On Nov 15, former president Donald Trump officially announced that he will be running for president in the 2024 election. The news came as a shock to many who assumed that the rumors were just speculation, but Trump had been dropping hints up to the day of the announcement.
Three weeks ago, during a rally in Iowa, Trump said that “In order to make our country successful and safe and glorious, I will very, very, very probably do it again, OK,” referring to his previously successful run in 2016. One month earlier he said something similar, that he “will probably have to do it again.” One Trump’s senior advisers anonymously said that “I think like a moth to a flame, Trump will run in 2024. I think that he wants to run and announcing before Thanksgiving gives him a great advantage over his opponents and he understands that.”
Despite all the confidence and grandiosity characteristic of Trump, he clearly has a difficult path ahead of him if he intends to run and win the election. Perhaps most importantly, Trump is no longer a political blank slate. Whereas voters could, in 2016, project their hopes for future change onto the clearly change-focused Donald Trump, he now has four years of a presidency under his belt. There are concrete policies that he supported or struck down, making him a less chameleonic and more tangible figure. For a candidate whose platform is based around change and unpredictability, this could be a drawback for him.
Another problem facing Trump is his association with the January 6th Capitol Hill riots. Contrary to popular belief, Trump never explicitly told his supporters to storm the Capitol building. His biggest faux pas was the constant reiteration and belief in election denial, the idea that the Democrats stole the 2020 election from him. While there is plenty of evidence to the contrary, this was enough to cause his supporters to believe that democracy had died in the United States, leaving violent uprising as their only option. This of course wasn’t helped by Trump’s explicit organization of a protest in order to, as he said, “peacefully and patriotically” make their voices heard. With that many angry people in the same area it’s no wonder violence broke out.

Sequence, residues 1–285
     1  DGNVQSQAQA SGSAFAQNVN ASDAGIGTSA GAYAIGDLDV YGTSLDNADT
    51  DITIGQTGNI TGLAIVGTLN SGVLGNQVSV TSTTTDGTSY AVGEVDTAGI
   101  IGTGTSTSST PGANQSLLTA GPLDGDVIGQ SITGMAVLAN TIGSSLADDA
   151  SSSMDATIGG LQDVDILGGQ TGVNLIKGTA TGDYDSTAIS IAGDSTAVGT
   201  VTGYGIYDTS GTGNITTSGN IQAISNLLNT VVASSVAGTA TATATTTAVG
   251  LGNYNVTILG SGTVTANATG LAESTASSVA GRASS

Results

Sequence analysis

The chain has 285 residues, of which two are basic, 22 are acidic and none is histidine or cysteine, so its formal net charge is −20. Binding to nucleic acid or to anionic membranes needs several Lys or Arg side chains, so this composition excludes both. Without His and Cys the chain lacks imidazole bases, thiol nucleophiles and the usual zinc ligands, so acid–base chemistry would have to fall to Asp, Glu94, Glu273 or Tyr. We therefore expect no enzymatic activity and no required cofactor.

All of this may be forgiven, however. Joe Biden’s approval rating has been steadily declining over the course of his presidency, starting at 57% and slowly trickling down to the current 37% approval. This is just barely higher than Trump’s record low of 34% immediately after January 6th, which not only opens the way for Republicans but Democratic challengers as well. If Trump and Biden were to face off again the results may be different. However, the Republican party is not without suitable presidential candidates. One of the biggest names in recent months has been Ron DeSantis, governor of Florida. He has shown himself able to handle crises such as Hurricane Ian. He also represents the same grassroots, populist ideals that Trump supporters have expressed. The Martha’s Vineyard fiasco also was able to make him a household political figure, adding to his own personal marketing, as well as showing off his “lib-dunking” prowess to conservatives nation-wide. If Trump wants a real shot at winning the presidency, he would need to find a way to beat DeSantis first.
All that said, a second Trump presidency a la Grover Cleveland is by no means impossible. He has already made a clever strategic move by announcing his run this early. He is the first major candidate to announce his intentions and therefore has 100% of the media coverage about said candidates. While Trump has never been starved for media attention, it was a factor in his victory the last time, so more time in the minds of the American people couldn’t hurt.
Additionally, Trump has always pushed for policies favored by conservatives. While Democrats loathe both the person and the policy, Republicans tend to favor the actual policies he pushed. Up until the pandemic, Trump presided over nearly uninterrupted economic growth, which is a big deal for most conservatives. In addition, Trump had the opportunity to appoint three justices to the Supreme Court, a major factor in overturning Roe v. Wade and fulfilling a longtime Republican goal. Since these policy positions are likely to remain unchanged in such a short time, it’s probable that the ones who voted for those reasons would still vote that way.
In the end, Trump is a notoriously surprising man. His first 2016 campaign announcement was surprising, his nomination was surprising, and his election was more than surprising. Trying to predict what will happen in the coming years would be a fool’s errand for even the most informed political commentators. The only thing we can do is sit back and wait for the results.
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